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  • Anatomy of the Pelvis Hello, in this episode of Proko were going

  • to learn the anatomy of the Pelvis. Well explore the structure of the parts, the difference

  • between a male and female pelvis, and how to simplify the structure to make it manageable

  • to draw. Let’s take a look at the Parts of the Pelvis.

  • The Parts of the Pelvis The 2 hip bones, along with the sacrum and

  • coccyx of the spine form what's known as the pelvis. Each hip bone consists of 3 parts.

  • These 3 parts actually start out as 3 separate bones at birth and fuse together throughout

  • puberty. On the top half stands a wing-like wall called the ilium. Under the ilium, in

  • the front is the pubis. And behind the pubis is the ischium. You can remember that there’s

  • all sorts ofickystuff that happens in the ischium.

  • These 3 bones fuse together right in the middle of the acetabulum - a deep socket of the ball

  • and socket joint of the hip. The femur sits right in there and rotates in all directions

  • to move the leg.

  • Ilium The Ilium is the largest of the 3 parts. The

  • 2 curved walls converge in the back, connected by the sacrum. The part of the ilium that

  • is visible in the surface is the top edge known as the iliac crest, so let’s take

  • a closer look at it. The iliac crest starts in the front at the

  • ASIS, that’s Anterior Superior Iliac Spine . And it ends in the back at the PSIS or Posterior

  • Superior Iliac Spine. Dont miss this. I mention these two landmarks a lot. And I use them

  • a lot when drawing the figure. From top view, the crest curves outward from

  • the ASIS for a short distance to the tubercle. Then curves back for a longer distance, and

  • then almost straight backward for a short distance to the PSIS.

  • From side view, the crest creates a half circle arc. This arc shape will vary, from a smooth

  • curve in some people, to a sharp corner at the top point in other people. This high point

  • is somewhat back from center. Men tend to have a more angular high corner, while women

  • have a smoother curve.

  • Only the front 1/4 of the crest is actually visible on surface, starting from this tubercle.

  • The rest is covered by the external oblique muscle on the sides and flank fat in the back.

  • Here’s a good example where you can clearly see the ASIS in the front and the external

  • oblique covering the side portion. On a more muscular or overweight body type, it appears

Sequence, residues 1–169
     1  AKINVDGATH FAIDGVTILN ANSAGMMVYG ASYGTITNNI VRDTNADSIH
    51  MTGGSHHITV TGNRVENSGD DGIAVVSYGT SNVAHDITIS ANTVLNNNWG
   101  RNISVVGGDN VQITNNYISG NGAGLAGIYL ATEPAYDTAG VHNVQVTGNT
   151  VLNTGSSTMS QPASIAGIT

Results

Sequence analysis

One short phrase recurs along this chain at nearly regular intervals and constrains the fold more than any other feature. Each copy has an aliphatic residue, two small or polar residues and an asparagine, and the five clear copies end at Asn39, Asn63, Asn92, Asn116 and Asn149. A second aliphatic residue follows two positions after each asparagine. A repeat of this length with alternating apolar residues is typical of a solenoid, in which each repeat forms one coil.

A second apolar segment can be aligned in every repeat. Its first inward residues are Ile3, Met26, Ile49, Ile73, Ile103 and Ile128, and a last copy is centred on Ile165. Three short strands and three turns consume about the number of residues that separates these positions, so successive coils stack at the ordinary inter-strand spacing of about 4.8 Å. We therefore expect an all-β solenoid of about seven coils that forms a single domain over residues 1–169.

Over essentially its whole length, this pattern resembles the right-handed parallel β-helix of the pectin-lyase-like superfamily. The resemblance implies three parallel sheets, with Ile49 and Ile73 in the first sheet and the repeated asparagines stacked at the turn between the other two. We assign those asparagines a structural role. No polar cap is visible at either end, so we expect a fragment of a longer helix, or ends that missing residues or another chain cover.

• as a sharp edge, indicating the bottom border of the external oblique. If the torso bends

  • laterally, the external oblique is stretched up, sometimes exposing the middle section

  • of the crest. On a very lean person, the ASIS pokes out as a visible protrusion. It pokes

  • out even farther when the spine is extended, and the muscles around the ASIS are stretched.

  • The visible portion curves downward and inward.

  • Try to feel it on yourself.. In the back the Posterior Superior Iliac Spines

  • are surrounded by muscles and flank fat. They are usually seen as two dimples where connective

  • tissue attached to the spines pull the skin inward. You might see a subtle indication

  • of the crest in men, though mostly softened by the flank fat. In women it can be so softened

  • that the hips appear to continue all the way to the top of the waist. In some poses when

  • a lean model stretches her back muscles, the bones push out and appear as protrusions instead

  • of a dimple.

  • Pubis Ok, let’s move on to the pubis. The two

  • sides are joined by a cartilaginous disc at the pubic symphysis. This is a commonly used

  • landmark, but you won’t actually see a bony point because it’s covered by pubic fat.

  • You can find it by following the trail of the inguinal ligament. A thin string-like

  • ligament stretching from the ASIS to the pubic tubercle just lateral of the pubic symphysis.

  • It defines the lower border of the abdominal mass called the "furrows of the groin" and

  • appears deeper in men. The pubic symphysis aligns with the level

  • of the tailbone, although this varies. In men, it’s also on the same vertical plane

  • with the ASIS. Another useful alignment, is the pubic symphysis tends to be the vertical

  • center of the whole body. In the back, the vertical center is between

  • the bottom of the sacral triangle and the bottom of the buttocks, right in the middle

  • of where the glutes meet.

  • Gender Differences The pelvis has the most divergence between

  • male and female of the entire skeleton. Mainly because a female pelvis is built to allow

  • a woman to give birth. Skelly, I’d like you to meet, Skella!

  • What makes Skelly so attracted to Skella’s pelvis? Well, the female pelvis has lighter

  • and thinner parts. It’s about 2 finger widths wider and 2 finger widths shorter than a male

  • pelvis. The walls of the ilium are more vertical, but not as tall. The pelvis is tilted forward

  • more on a female. The ASIS protrude forward more and don't align with the pubic symphysis.

  • On a man, the ASIS and pubic symphysis align on the same vertical plane.